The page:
(Of course why Esche was kept in for the entire 60 minute beating is another question, and the easy answer might be that it was a response by Ken Hitchcock to Esche's comments about him earlier in the week - yet another ugly subplot of the early Philadelphia season.)
The Flyers were truly dreadful, with giveaway after giveaway in all zones – and while Maxim Afinogenov’s brilliant end-to-end rush was no doubt thrilling to the giddy Sabres faithful and reminiscent of a Gilbert Perreault classic, it was a complete embarrassment to the Flyers and especially Darien Hatcher, who once again is proving himself woefully overmatched in his rapidly decaying state. Hatcher is already a -7 and despite looking obviously overmatched last season is on his way to an even worse campaign this year.
My overworked point is that it's always easy to see 9-1 and blame the goaltender but there are far more troublesome reasons for Philadelphia's blowout – notably a highly immobile defence and a group of forwards that on paper looks dynamic but have all underperformed thus far. If things do not turn around in a hurry, we could be seeing a flurry of deals and firings – Bobby Clarke may finally have to answer for this one.
Out west, the top team is a pleasant surprise with Minnesota the only other undefeated team in the league, also at 6-0. Minnesota has been doing it partially in their traditionally stingy defensive style - only allowing 11 goals total - but this year they’ve added offence and become dangerous in all zones. Newcomer Pavol Demitra may not be producing in terms of goals (only one so far), but with seven assists and playing alongside snipers Brian Rolston and Marian Gaborik he’s helping to give the Wild the offence they’ve lacked throughout their short history. However, Minnesota is a good bet to come back to the pack a bit until they can develop a deeper scoring punch; right now Pierre-Marc Bouchard is their only other proven point producer but Mikko Koivu and Branko Radivojevic have shown some offensive flair to date. Of course, having one of the league’s best goaltenders in Manny Fernandez alone will keep them in playoff contention the rest of the year after their hot start.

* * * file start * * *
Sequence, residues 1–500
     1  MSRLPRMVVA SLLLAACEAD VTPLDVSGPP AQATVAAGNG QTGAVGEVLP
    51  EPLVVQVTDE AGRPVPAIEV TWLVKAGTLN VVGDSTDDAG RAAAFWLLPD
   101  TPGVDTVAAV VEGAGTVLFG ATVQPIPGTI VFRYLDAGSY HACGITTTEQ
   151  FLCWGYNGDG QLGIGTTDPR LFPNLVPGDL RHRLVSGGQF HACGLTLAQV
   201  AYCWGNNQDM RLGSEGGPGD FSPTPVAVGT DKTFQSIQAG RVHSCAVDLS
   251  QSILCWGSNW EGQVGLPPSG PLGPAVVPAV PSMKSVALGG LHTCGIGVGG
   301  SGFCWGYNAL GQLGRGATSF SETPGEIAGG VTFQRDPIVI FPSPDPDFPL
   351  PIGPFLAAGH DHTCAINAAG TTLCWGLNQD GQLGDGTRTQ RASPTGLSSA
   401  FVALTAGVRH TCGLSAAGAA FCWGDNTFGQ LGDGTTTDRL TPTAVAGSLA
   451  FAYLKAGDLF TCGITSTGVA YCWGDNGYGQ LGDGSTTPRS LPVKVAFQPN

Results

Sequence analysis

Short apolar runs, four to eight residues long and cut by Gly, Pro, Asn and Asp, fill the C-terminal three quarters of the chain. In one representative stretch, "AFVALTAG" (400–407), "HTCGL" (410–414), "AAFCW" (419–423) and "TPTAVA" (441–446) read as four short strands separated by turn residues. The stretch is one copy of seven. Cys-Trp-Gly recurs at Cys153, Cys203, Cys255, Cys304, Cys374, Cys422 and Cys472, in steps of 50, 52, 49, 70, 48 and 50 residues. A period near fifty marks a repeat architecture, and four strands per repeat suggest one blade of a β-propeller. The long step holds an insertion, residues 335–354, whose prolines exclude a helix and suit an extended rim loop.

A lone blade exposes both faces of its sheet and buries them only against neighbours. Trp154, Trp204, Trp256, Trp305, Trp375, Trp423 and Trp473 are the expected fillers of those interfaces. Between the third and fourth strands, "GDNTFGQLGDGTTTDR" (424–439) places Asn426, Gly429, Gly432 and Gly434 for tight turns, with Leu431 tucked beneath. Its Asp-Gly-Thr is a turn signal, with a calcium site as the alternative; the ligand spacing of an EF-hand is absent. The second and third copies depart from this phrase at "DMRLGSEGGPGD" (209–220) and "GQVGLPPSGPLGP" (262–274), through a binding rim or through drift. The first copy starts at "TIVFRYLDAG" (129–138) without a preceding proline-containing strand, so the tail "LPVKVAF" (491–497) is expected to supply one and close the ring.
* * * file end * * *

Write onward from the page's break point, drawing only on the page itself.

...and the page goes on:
On the flip side are the Phoenix Coyotes at 2-5. The Coyotes were not generally considered a playoff contender before the season. Right now they are on the verge of being considered a disaster, and looking at an array of numbers does not give a fan much of anything positive to latch onto. Note some basic team scoring stats for the Coyotes (all figures are as of Friday afternoon and are ranked out of 30 NHL teams):

2.29 goals per game – 24th

4.14 goals against per game – 30th

11.4% power play – 25th

75% penalty kill – 29th

In only three home games, they’ve been shorthanded a whopping 24 times. With a thus-far terrible penalty kill rate, that’s a quick recipe for losing. They’ve also been awful at even strength, giving up twice as many goals at five on five as they score.

This is a team and franchise without apparent direction – the surprising off-season free agent signing of Ed Jovanovski could be chalked up to the theory that by overpaying for a “name player” you’ll make that destination more attractive to prospective free agents in the future (something baseball’s Detroit Tigers did with the $40 million signing of Ivan Rodriguez a few years ago). I think it is a flawed theory in that the bottom line is winning, and that nobody will care about the big names if you continue to be a lousy team. In the case of the Tigers and their subsequent success, it really ends up being a logical fallacy to say that by signing Rodriguez it led to them winning the American League pennant this year; the biggest reason for the Tigers quick turnaround has far less to do with attracting big free agents and more to do with their young stable of pitchers suddenly blossoming this year. In today’s NHL (read: salary cap), teams do not have the luxury to keep a team intact for a long time. Therefore, it is imperative to build from within and try to develop a core of young talent that will grow together (as well as not necessarily pricing themselves out of the market before reaching team success). The modern-day GM’s challenge is to identify when those players are about to cross that barrier, and only then supplement the team’s talent with a key free agent signing or two. That’s the kind of club that should have signed the pricey Jovanovski ($6.5 million per season for five years), not one that doesn’t seem to have a prayer of seriously contending for a few years, by which time Jovo will be well past his prime and ability to contribute as effectively as before. Phoenix did not (and does not) have that core of talented 22-24 year olds yet, therefore they may have simply wasted millions of dollars on a player who is overrated anyways (as well as a health risk) and isn’t likely to be the sole difference between the team making the playoffs and not anytime soon.